Weighing in at 86 carats on its own, set in silver and surrounded by a dazzling array of 49 old-mine cut diamonds, the Spoonmaker’s Diamond is the literal crown jewel of Topkapi Palace Treasury. Despite receiving centuries of praise for its crystal clear color, its radiance has a mysterious quality not unlike that of a bright, full moon. As is the case with the most powerful celestial beings, perhaps it is this same unknowable, mythologized essence that also unwittingly draws viewers to gaze upon the Spoonmaker’s Diamond – for no one knows exactly how the world’s fourth-largest diamond came to reside in the heart of Istanbul’s old city, who is responsible, or from whence it arrived.
The most popularly accepted version was hand-written by Rasid, the Ottoman court’s official historian, and goes something like:
In the year 1669, a fisherman idly combing a rubbish heap near Eğrikapı along Istanbul’s shoreline came across a large, unusually shiny stone. Thinking it beautiful but having no idea what the piece was, he put the gem in his pocket, where it lived for a few days until he stopped by the jewelers market. Showing it to the first man he came across, the professional recognized its value but bamboozled the fisherman. According to Rasid, the Ottoman court’s official historian, the jeweler said to the man, “It’s a piece of glass, take it away if you like, or if you like I’ll give you three spoons. You brought it all the way here, at least let it be worth your trouble.” Accepting his offer as a fair payment for his time, the fisherman departed with his three spoons, and the jeweler gained the fourth-largest diamond in the world.
A second, newer story has begun to emerge recently among historians, in which a French officer named Pigot purchased the diamond from India’s Maharajah of Madras in 1774. Several involved parties later, the jewel was put up for auction in Paris, where none other than Napoleon’s mother won the gem. When her son was exiled, her beloved diamond brooch was put up for sale to fund his salvation. The man who ultimately purchased the piece was a Turk in the service of Tepedelenli Ali Paşa. When the Paşa was executed by Mehmet II for suspected treason, all his jewels were absorbed by the Ottoman Treasury.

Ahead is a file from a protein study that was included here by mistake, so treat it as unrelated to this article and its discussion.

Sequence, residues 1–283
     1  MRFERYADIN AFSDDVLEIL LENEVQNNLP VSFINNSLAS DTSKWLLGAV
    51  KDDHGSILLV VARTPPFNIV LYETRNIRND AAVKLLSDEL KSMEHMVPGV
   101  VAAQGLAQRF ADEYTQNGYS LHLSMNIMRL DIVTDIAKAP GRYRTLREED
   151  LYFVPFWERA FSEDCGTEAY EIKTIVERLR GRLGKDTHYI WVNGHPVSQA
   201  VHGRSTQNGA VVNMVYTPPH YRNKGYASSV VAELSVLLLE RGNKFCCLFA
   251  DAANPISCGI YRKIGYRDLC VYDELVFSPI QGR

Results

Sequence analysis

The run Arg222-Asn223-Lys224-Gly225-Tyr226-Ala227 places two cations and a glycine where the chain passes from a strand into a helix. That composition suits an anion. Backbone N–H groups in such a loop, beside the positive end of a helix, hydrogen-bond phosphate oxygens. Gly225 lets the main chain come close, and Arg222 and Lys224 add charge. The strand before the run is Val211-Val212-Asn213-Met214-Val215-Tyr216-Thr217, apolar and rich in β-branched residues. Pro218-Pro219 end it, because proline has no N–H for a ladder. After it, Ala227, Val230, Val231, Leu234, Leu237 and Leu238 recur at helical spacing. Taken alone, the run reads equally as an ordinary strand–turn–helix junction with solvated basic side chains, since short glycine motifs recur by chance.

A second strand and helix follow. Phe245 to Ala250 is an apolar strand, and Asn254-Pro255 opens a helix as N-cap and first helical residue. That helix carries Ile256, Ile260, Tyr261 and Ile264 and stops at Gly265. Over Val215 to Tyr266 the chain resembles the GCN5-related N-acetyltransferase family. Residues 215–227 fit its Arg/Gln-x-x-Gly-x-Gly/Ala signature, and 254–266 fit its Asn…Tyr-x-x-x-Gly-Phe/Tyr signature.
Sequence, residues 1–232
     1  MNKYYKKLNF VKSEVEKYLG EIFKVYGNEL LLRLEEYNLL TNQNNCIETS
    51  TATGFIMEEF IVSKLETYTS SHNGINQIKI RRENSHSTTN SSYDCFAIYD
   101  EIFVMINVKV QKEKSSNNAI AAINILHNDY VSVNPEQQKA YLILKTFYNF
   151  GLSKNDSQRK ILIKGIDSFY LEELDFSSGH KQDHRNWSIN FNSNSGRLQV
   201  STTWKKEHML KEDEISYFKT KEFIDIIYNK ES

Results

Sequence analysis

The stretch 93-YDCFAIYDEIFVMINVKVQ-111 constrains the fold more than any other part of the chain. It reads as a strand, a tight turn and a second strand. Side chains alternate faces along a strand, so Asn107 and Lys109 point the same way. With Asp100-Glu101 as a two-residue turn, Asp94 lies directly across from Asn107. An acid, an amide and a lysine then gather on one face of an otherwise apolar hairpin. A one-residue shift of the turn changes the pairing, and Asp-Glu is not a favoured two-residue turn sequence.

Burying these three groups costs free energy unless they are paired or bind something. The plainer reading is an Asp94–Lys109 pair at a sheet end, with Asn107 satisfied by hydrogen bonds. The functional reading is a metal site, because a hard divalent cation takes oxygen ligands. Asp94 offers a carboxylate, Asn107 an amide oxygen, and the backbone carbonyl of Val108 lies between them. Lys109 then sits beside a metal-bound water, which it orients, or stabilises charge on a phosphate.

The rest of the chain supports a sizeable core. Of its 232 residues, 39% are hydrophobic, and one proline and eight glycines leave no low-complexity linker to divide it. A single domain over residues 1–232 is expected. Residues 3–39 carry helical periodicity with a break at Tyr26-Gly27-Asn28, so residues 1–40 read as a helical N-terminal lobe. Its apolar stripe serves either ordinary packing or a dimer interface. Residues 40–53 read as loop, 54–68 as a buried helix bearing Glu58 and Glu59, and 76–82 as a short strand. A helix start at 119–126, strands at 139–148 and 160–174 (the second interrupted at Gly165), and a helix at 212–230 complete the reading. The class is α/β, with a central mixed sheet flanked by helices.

No matter your preferred prelude, the first mention of the Spoonmaker’s Diamond by name appears much later than either of the above stories leaves off, reappearing during the reign of Sultan Mehmet IV in the 1800s. The hitch in proving anything more than the diamond’s incredible size and irresistible attraction is this gap in record-keeping. However, were the second, French/Indian tale somehow proved to be valid, it sets up one of the biggest coups in historic gemstone circles: that the Spoonmaker’s Diamond and the Pirot Diamond – long thought destroyed – may be one in the same.
Pair these better-than-fiction origin tales with the fact that its first appearance by name describes the jewel as many carats smaller than what we know it to be (which many jewelers already suspect is a gross under-representation based on dimensions), and one thing above all becomes clear: the Spoonmaker’s Diamond is excellent at hiding her secrets behind a façade of clarity.